In computer science and mathematics, a sorting algorithm is an algorithm that puts elements of a list in a certain order.

Source: Wikipedia

In my effort to find decent visualizations for popular sorting algorithms I stumbled upon a horrible fact. **There are none**. I figured I would then make my own. Here I’m going to describe (to the best of my ability) the ones I implemented, and a link to the page where they are visually represented. I have included the JavaScript implementation I wrote along with each sort, however I have left off `var`

to keep the code more generic. I will also (in time) provide a link to each implementation in a source file. **The finalized page (with instructions, IE tested but slow) is available separately here.**

Note on implementations. Implementations as given on this page are licensed under the GPL v3.0 excluding the Radix Sort implementation. Code on the visual sort page is

notlicensed for public or personal use.

The bubble sort is one of the simplest sorting algorithms known. It is also one of the least efficient simply because it’s not smart. Start at the beginning of an array, and for every number compare it with the one ahead of it. If it’s bigger, swap them and move on to the next number (which will be the one you swapped). Keep track of if you have swapped or not. At the end of the array, if you have swapped, repeat. If not, the array is sorted.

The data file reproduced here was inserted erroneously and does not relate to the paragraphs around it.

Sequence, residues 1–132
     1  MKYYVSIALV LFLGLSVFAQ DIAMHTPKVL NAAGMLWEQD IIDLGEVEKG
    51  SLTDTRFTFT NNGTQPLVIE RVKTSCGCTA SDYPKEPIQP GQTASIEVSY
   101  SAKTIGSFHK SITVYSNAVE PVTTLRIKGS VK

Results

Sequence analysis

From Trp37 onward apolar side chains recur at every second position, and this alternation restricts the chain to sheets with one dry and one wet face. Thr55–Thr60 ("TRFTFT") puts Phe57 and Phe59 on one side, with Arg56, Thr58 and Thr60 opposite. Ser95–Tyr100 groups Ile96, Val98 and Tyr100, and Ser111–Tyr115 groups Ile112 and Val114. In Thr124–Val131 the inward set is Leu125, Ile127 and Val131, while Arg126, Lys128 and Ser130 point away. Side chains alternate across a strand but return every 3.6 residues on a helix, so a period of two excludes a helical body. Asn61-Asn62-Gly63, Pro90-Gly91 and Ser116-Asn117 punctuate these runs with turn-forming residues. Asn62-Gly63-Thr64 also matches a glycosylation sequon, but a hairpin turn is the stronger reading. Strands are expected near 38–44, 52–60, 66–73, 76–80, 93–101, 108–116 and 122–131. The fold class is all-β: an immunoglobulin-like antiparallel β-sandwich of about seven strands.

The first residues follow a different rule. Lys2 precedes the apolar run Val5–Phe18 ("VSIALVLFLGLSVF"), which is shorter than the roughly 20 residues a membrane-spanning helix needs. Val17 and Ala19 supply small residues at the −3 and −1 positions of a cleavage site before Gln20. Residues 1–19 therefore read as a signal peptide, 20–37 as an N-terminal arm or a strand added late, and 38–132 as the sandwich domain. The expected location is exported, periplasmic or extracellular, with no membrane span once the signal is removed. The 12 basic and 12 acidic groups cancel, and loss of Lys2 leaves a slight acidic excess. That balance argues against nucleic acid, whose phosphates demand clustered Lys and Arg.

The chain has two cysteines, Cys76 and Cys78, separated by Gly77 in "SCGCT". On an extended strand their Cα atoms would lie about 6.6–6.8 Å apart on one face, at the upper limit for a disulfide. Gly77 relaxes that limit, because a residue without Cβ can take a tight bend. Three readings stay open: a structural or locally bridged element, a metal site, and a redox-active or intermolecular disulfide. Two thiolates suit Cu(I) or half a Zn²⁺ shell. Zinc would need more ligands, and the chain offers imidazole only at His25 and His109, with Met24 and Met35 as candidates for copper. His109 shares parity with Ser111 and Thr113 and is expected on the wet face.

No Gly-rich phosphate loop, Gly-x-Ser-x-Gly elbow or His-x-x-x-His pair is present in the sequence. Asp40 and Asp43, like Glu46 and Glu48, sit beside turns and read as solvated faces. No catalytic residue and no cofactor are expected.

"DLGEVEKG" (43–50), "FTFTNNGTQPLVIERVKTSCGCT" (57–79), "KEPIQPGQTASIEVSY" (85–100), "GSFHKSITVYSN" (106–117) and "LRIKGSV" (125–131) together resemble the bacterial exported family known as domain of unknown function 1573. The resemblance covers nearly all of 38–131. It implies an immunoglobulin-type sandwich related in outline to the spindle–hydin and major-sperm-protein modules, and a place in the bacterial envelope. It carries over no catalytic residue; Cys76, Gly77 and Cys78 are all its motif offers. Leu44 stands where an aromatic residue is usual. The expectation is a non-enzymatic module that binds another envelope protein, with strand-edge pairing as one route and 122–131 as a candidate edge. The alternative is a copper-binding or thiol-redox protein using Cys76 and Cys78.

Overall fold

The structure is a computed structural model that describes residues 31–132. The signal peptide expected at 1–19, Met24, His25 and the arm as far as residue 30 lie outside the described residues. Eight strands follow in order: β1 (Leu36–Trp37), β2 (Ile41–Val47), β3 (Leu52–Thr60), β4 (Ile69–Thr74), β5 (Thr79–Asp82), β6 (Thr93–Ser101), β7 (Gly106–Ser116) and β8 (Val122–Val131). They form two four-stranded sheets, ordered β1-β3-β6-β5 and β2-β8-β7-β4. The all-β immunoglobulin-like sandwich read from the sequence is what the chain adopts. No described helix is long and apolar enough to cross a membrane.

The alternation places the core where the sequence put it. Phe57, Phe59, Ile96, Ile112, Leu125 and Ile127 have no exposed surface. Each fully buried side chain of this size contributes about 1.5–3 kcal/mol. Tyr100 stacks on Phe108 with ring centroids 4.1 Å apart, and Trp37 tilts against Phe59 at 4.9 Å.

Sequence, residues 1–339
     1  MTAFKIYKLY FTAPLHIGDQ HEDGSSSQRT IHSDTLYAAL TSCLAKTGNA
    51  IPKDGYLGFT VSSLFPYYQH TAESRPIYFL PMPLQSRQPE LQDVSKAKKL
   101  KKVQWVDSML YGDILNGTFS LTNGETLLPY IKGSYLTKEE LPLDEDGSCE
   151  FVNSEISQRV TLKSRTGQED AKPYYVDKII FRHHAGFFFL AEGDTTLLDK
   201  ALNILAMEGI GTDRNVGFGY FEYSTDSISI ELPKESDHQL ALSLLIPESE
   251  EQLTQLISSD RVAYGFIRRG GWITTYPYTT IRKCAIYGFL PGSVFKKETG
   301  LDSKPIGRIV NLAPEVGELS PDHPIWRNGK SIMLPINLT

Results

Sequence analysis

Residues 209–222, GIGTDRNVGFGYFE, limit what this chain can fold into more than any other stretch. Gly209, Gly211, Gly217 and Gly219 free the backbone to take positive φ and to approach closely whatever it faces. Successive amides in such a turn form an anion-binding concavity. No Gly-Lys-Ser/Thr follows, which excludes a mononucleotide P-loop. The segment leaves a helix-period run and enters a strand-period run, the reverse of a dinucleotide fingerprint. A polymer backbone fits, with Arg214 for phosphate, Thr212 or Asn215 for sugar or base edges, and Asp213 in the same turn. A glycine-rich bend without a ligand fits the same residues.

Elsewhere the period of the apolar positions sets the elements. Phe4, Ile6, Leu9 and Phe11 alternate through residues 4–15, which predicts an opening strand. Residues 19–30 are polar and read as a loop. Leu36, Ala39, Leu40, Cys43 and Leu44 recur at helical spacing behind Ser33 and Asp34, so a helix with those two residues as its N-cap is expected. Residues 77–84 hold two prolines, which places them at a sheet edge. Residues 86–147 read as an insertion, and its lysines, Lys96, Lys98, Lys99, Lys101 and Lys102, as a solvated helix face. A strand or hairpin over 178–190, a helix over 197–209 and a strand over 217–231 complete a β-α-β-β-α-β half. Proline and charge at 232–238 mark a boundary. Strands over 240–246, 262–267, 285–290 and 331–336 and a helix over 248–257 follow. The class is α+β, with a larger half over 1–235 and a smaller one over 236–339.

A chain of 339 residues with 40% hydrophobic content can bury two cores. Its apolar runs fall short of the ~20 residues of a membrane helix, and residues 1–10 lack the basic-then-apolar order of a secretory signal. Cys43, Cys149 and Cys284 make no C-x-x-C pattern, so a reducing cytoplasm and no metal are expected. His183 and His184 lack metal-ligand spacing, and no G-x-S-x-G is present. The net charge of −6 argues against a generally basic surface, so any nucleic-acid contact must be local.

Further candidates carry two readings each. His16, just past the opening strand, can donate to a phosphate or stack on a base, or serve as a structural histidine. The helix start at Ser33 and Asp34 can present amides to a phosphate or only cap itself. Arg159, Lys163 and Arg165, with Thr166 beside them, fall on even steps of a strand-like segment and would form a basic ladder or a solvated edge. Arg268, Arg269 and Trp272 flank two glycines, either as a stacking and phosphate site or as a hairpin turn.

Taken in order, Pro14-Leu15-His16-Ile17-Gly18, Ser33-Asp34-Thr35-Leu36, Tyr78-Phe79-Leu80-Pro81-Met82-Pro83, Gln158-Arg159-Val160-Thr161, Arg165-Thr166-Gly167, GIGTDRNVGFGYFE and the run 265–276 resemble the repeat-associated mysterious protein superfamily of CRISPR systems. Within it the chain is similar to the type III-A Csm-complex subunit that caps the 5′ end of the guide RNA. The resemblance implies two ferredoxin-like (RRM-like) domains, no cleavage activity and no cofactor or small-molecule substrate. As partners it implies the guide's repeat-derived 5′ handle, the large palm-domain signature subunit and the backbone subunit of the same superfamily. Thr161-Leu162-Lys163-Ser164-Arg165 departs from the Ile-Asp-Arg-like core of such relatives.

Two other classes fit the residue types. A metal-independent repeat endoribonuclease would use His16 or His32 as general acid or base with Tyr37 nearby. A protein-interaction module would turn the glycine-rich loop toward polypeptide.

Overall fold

```
var swapped = true,
i = 0;
while(swapped)
{
swapped = false
for(i = 0; i < a.length - 1; i++)
{
if(a[i] > a[i+1])
{
swap(a, i, i+1)
swapped = true;
}
}
}
```

In relatively few lines of code you can implement this sort. It’s also not too bad when used on data that is almost already sorted, taking *xn* time where *x* is the number of elements that are out of order. The average and worst case are the same at *O(n ^{2})*.

A bit like the insertion sort but still “dumb” on a basic level. It finds the lowest number in the list and swaps it with the element at the start. Then it continues finding the next lowest element in the list and swapping it with start + 1. I implemented two algorithms, showing the simpler here. The more complex (Selection Improved) doesn’t perform a direct swap when it finds a number lower, instead it stores it until the end. This will limit the number of swaps it makes to *n* but not help the number of passes it makes through the data set.

```
var i = 0, j = 0;
for(i = 0; i < a.length - 1; i++)
{
for(j = i + 1; j < a.length; j++)
{
if(a[i] > a[j])
{
swap(a, i, j);
}
}
}
```

Still an *O(n ^{2})* average / worst sort.

This is another simple sort, but tends to be more efficient in smaller data sets, live data, and where the list is already partially sorted. It is also used as the base for other, more complex sorts (like the Shell sort) which build off the same insertion principal. Worst and average case are both the same at *O(n ^{2})*

The algorithm is similar to what you would use to sort a deck of cards, or a handful of bills. Start at the top and work your way down, inserting new cards into new ordered list.

```